GBP/USD: Boris’ Brexit Climbdown Insufficient To Keep Pound Afloat

Boris gave, Powell took it away – UK Prime Minister Boris Johnson agreed to compromise on the controversial Brexit bill and sent the pound higher before the Federal Reserve boosted the dollar. Politics are set to outweigh economic figures in rocking the pound in the last full week of September.

This week in GBP/USD: Brexit hopes vs. Fed fallout

Brexit: The controversial Internal Markets bill passed its first hurdle in the House of Commons, initially sending down the pound. The legislation knowingly violates the Brexit Withdrawal Agreement that PM Johnson signed with the EU last year. Investors feared that negotiations would imminently collapse. An insufficient amount of Conservative Party “rebels” voted against the bill.

However, the PM later reached a compromise with these rebels, agreeing to grant parliament a greater oversight role over applying the law. The news has pushed the pound higher, yet Brussels has yet to respond. It seems that EU officials are waiting to see the text of the modified bill – or perhaps holding their criticism before it turns into law.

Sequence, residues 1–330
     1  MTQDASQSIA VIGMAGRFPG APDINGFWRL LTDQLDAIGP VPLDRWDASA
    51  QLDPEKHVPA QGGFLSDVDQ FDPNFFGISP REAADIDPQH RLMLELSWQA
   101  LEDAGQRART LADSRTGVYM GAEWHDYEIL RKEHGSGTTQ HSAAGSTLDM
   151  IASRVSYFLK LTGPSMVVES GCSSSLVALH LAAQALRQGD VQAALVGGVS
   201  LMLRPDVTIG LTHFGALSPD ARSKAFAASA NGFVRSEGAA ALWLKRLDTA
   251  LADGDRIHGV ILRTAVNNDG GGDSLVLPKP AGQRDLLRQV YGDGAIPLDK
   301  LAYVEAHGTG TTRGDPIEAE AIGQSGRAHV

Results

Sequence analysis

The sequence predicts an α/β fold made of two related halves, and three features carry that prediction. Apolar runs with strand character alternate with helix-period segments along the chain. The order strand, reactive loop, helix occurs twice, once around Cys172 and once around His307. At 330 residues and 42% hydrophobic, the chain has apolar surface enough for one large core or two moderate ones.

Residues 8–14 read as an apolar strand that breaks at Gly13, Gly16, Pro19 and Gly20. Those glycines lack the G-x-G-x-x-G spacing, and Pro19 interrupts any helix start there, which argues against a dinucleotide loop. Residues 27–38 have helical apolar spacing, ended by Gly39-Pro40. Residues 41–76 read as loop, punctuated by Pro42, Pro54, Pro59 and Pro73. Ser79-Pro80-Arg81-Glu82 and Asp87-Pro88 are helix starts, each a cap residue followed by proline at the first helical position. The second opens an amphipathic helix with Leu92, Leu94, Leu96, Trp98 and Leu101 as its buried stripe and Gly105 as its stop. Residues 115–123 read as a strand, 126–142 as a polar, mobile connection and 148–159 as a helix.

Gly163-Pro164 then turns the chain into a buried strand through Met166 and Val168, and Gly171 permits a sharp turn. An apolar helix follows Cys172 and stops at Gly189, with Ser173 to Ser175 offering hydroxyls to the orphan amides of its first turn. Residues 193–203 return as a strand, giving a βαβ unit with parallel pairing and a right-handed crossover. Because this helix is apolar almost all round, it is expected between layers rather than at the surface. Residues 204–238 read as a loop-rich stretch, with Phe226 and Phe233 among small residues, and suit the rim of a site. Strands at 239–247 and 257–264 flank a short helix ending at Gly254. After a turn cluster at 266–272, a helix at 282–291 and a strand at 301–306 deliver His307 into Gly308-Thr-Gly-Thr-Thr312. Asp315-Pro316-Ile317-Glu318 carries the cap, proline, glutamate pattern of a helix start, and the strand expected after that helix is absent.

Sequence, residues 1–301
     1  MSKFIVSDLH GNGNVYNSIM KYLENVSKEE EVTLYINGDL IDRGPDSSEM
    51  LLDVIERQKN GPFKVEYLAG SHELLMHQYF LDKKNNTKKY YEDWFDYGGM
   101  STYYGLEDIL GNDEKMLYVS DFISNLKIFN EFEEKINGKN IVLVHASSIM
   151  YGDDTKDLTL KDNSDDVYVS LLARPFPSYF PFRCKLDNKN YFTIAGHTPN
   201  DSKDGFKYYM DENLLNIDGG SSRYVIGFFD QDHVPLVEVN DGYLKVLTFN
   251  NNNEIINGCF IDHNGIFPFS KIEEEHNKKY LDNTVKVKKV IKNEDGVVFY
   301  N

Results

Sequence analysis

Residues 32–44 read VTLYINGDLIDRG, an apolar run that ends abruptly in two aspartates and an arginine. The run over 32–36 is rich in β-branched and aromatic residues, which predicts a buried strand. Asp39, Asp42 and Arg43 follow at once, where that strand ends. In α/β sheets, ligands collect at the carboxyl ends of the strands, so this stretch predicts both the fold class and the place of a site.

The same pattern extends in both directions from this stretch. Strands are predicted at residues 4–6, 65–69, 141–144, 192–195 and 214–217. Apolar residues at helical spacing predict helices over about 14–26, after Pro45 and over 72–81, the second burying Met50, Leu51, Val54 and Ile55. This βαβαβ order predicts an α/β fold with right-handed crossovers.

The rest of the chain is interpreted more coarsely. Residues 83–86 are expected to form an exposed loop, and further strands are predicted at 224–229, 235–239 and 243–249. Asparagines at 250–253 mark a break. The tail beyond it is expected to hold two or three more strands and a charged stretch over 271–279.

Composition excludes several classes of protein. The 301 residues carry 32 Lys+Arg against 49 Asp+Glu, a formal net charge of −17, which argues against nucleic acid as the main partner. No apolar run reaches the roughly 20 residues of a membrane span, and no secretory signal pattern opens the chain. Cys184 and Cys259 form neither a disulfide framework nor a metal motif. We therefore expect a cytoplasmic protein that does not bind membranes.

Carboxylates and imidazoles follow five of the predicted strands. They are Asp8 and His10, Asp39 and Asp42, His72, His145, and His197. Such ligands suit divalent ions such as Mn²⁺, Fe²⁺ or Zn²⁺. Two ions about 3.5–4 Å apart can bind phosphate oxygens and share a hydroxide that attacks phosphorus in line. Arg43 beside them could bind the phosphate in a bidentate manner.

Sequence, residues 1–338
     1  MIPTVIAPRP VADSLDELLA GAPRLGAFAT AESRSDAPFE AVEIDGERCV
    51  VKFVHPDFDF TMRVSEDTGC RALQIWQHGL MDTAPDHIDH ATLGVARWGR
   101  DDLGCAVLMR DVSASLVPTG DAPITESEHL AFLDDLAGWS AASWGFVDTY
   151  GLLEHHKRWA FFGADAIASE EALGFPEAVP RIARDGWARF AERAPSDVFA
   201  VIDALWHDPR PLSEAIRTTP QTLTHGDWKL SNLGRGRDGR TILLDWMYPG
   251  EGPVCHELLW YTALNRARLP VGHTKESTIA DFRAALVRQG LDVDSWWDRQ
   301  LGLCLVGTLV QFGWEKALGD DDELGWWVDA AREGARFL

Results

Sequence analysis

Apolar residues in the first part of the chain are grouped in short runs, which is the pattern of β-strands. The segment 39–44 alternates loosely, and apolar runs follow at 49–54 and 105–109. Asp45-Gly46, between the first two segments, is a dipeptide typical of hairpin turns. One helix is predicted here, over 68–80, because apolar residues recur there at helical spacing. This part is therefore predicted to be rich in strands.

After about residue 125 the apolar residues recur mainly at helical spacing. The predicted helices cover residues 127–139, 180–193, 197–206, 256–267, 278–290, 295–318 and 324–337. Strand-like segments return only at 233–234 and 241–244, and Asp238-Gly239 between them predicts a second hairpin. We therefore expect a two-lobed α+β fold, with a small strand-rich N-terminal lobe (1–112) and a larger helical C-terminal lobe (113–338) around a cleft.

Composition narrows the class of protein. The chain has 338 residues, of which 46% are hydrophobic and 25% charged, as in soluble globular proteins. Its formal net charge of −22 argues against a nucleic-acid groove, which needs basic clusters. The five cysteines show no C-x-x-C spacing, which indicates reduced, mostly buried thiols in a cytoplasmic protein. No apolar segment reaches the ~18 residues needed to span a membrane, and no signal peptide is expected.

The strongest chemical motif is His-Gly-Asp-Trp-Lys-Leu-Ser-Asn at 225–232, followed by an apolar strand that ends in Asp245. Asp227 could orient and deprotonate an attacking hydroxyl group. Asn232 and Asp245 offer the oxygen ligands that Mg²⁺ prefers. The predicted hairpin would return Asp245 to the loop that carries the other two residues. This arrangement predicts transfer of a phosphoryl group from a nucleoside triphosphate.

On the other hand, Chief EU Negotiator Michel Barnier said there is a “glimmer of hope” on the politically sensitive fisheries issue, providing support to sterling. Moreover, European Commission President Ursula von der Leyen said she is “convinced” a deal is still possible.

Then came the central banks, both downing cable. The Federal Reserve signaled it would leave rates unchanged through 2023 – but refrained from offering any imminent support despite conveying a message of concern and uncertainty. The Fed expects a softer contraction in 2020 but a shallower recovery in 2021.

Jerome Powell, Chairman of the Federal Reserve, seemed to throw the ball into lawmakers’ court without acting. Stocks dropped and he safe-haven dollar advanced.

Indeed, the chances for additional fiscal stimulus have risen after the US reported weak retail sales figures for August. Reports on Capitol Hill suggest a package worth $1.5 trillion is cooking.

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